I have tried to tell them about security, but after an episode where the computer got riddled with viruses, they have never trusted me and just patted me on the head. Well, things did eventually come to a head when my brother came up and was surfing some bodybuilding sites, and Bam! Whole system wiped out - it took me 24 hours to wipe it clean and retrieve their precious data, as they of course had no backup.

Now, after very nearly having their banking details stolen (the Trojan was on there), they start to take me seriously. I have refrained from saying 'I told you so', because they are both very very ill, and are just not able mentally to deal with the wonderful world that is computers. Anyone else I would be annoyed as s*** at, but for them, bless 'em - I make an exception.

They still have critical data on there and after four or five attempts at getting them to buy a separate drive, they have not done so. I have just about given up trying. Why am I telling you all this? Well, just to ramble, primarily, but secondarily to say: I believe Facehook to be the primary source of the malware on their machine. I won't bore you further with a rundown of the measures I have put in place, and am no expert in the field, but suffice to say, their machine is 'pretty' locked down with a multi-tier strategy from lowest level (turning off their open wireless with no password to WPA encryption with a password that would take about 50 million years to crack by conventional methods i.e. Non-Quantum, with all the computers in existence) to highest level (Keyscrambler plug in for FF).

I even bought them SuperAntiSpyware Pro with the lifetime licence.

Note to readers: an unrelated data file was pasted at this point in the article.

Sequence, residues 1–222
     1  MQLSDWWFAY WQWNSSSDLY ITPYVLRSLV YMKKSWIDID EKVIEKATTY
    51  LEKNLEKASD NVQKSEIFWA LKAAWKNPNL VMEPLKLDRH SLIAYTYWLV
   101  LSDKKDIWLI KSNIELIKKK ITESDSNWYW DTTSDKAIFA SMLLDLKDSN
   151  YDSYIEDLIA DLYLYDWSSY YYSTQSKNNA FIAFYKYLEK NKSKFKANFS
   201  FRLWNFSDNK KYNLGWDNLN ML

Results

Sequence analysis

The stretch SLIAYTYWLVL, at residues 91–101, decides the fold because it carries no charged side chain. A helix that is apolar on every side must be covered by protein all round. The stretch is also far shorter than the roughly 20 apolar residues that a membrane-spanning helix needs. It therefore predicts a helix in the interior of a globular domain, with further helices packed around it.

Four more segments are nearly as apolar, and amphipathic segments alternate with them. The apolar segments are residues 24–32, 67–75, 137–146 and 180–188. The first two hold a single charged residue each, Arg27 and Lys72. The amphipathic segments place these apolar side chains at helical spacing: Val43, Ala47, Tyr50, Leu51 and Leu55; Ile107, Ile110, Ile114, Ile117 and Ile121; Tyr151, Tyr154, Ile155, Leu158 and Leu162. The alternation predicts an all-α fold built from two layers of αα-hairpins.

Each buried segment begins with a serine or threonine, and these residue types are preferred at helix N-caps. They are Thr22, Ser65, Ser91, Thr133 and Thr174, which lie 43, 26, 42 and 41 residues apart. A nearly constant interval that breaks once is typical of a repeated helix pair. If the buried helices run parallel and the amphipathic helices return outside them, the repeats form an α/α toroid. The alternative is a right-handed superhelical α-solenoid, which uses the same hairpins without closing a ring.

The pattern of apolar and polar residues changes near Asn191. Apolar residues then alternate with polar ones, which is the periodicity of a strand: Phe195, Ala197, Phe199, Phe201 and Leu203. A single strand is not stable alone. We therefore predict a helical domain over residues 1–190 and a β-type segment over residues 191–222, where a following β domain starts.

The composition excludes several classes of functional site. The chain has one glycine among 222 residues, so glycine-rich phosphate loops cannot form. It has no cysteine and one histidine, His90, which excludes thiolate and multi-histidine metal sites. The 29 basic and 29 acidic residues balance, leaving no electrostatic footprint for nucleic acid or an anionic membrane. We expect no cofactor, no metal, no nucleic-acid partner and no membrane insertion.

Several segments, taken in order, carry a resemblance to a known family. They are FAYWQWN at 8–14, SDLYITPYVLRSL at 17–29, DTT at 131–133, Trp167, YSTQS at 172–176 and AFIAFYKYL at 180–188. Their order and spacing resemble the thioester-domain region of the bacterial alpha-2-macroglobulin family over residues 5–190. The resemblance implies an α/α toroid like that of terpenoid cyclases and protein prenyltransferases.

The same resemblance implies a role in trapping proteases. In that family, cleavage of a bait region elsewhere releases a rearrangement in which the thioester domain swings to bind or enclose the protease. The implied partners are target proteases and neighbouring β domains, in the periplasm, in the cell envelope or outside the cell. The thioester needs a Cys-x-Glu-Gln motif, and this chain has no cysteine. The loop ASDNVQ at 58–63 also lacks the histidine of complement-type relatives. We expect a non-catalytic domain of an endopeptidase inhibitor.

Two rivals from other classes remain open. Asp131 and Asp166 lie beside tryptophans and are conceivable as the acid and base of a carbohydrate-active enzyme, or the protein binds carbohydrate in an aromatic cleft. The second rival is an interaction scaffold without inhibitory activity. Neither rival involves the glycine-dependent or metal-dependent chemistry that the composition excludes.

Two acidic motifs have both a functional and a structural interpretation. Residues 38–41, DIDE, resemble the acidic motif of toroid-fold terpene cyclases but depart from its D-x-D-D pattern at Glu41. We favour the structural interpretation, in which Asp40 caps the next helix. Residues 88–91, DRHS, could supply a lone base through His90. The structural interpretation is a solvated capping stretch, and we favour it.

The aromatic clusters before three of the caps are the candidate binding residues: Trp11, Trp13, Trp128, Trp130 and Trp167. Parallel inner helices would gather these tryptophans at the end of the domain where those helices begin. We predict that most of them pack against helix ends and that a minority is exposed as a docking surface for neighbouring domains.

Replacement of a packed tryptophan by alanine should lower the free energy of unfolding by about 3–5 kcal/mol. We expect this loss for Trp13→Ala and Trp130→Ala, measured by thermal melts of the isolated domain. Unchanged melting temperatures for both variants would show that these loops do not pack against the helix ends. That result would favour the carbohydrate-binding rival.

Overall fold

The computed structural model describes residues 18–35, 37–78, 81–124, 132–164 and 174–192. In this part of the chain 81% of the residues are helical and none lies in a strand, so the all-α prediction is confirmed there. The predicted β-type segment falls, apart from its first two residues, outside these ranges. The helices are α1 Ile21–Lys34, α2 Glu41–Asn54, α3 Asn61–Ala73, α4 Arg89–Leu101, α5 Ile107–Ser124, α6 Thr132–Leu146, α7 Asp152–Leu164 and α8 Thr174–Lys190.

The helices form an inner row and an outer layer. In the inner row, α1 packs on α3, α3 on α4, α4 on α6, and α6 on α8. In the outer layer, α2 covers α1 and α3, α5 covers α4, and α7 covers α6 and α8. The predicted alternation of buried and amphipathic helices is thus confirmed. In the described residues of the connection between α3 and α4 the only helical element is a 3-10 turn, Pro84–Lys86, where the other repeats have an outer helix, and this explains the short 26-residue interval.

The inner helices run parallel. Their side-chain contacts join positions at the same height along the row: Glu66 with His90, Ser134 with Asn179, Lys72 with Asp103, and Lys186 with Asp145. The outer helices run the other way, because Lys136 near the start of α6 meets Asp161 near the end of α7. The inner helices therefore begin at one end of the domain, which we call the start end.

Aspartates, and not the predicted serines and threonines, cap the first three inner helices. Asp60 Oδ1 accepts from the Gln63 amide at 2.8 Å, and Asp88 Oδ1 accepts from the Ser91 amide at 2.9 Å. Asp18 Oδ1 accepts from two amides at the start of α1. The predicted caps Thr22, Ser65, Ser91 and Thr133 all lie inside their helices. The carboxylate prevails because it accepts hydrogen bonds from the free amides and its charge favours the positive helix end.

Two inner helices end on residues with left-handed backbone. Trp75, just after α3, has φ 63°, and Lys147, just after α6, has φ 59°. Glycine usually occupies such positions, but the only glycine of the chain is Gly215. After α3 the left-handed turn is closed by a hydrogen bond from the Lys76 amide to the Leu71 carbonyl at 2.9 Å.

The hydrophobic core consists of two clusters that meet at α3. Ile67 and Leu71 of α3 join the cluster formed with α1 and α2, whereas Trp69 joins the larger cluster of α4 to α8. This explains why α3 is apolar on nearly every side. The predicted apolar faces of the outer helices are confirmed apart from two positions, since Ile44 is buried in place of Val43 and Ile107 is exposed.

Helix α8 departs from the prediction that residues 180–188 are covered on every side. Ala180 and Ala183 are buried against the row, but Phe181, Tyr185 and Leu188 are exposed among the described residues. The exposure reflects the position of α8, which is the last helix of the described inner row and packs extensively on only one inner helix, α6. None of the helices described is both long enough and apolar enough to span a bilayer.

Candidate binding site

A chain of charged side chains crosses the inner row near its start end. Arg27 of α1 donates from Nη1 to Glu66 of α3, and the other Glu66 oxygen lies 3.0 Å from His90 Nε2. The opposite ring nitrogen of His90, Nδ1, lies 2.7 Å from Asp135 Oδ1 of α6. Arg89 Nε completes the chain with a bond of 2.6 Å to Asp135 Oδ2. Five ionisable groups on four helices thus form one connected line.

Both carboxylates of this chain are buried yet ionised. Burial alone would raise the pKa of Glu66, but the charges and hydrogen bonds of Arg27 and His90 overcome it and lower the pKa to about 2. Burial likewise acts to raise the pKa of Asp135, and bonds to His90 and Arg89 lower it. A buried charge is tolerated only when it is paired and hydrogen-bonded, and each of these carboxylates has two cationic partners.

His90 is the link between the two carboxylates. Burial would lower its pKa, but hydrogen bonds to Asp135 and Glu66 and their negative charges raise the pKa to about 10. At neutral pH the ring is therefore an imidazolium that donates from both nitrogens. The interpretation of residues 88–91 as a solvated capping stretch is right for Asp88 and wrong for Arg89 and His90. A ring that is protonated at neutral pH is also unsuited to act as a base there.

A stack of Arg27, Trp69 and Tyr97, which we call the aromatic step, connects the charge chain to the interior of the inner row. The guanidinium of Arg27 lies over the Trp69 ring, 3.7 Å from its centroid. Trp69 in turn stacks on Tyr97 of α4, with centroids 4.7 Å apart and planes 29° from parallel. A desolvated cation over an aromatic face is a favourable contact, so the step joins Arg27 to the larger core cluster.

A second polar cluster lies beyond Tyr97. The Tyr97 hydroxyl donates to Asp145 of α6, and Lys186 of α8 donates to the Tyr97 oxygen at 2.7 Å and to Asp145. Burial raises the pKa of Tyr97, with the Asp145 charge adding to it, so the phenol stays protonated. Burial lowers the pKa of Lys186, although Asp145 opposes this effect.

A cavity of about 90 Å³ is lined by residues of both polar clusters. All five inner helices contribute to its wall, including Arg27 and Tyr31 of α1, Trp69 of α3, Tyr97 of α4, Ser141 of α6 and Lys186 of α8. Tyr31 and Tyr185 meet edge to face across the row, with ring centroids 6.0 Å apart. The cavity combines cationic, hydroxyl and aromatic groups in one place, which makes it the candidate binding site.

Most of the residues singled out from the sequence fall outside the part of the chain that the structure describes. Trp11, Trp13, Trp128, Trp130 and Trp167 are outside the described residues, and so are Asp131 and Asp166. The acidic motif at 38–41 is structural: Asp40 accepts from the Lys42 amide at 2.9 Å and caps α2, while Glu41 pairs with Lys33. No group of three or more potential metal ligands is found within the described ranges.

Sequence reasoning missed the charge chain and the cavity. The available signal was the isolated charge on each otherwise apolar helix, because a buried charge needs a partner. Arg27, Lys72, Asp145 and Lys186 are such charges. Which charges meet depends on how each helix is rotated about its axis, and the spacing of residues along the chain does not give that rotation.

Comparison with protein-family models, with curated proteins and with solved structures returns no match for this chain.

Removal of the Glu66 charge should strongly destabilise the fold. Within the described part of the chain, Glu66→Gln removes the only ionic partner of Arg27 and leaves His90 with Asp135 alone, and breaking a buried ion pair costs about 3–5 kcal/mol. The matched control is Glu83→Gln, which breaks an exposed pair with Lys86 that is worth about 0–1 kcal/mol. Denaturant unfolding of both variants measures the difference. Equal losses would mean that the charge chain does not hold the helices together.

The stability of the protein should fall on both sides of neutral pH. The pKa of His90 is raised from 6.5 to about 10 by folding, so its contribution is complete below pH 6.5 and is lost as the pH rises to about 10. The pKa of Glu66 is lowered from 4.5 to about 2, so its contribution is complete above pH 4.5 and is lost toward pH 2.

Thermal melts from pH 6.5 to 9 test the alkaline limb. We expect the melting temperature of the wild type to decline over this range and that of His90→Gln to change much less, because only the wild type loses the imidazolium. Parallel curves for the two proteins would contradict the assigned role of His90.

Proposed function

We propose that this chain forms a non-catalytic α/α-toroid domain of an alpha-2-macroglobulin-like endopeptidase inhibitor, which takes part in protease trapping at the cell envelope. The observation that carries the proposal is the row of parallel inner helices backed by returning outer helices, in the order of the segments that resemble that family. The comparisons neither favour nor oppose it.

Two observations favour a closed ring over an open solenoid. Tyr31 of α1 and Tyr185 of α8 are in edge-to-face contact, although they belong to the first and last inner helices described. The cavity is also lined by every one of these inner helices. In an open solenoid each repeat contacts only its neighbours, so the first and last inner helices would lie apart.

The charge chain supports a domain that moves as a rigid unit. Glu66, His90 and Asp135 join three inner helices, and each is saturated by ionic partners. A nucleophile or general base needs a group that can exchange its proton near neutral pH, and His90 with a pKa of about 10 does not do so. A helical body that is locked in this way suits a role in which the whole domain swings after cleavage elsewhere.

Where could this malware be coming from? My Step-Dad does not surf porn. Does not d/l cracks (all his software is legit), does not go to dodgy sites. He plays games, sends and receives emails and surfs Facehook to keep in touch with other bastard selfish family members that would not otherwise keep in touch with him, because they don't think it is worth the required effort to pick up the phone.

I shall be going back in a while and will check the logs. I could be wrong about Facehook, of course, but the only other source I can think of is indiscriminately opening .jpgs that friends and family have sent him. I have implemented another couple of layers to the strategy, so we shall see if he is still being infected when I see them again. Anyone have any suggestions? I have tried everything I know (without making the machine unusable) to help them.

Btw, Bitdefender Traffic Light has been installed now as well as WOT - works very well, very light, no conflicts...

Sorry for the long post, but I'm a gabbler me.

0
0
Bronze badge

spybot search and destroy

Using it may be too much of a hassle for them though.

0
0

About time. I do not use FaceBook, but my kids do. This past weekend my son infected my laptop with a Rootkit that came from facebook. No porn, no hacking, just from facebook. I know this because I went through the logs and was able to recreate everything he did. This was a nasty rootkit, something brand new in September that several AV programs wouldn't see or couldn't clean. We eventually had to wipe the entire system to due to the damage done by the damn thing or the AV software trying to clean it.

I'm not saying websense will prevent this, but I've been behind websense before and it's pretty damn decent. There are a bunch of uneducated people using facebook and many experts out there preying on them. Facebook needs something.

Bradley Hardleigh-Hadderchance, there is not one product that really stands out amoungst the rest, hell, I think they write the shit and release it so their products get attention.

Kinda funny how something new and terrible comes out and every site recommends the same software. They always seem to be fast on their toes don't they?

Set them up to run another OS, or maybe something virtual when they are online.

0
0
This topic is closed for new posts.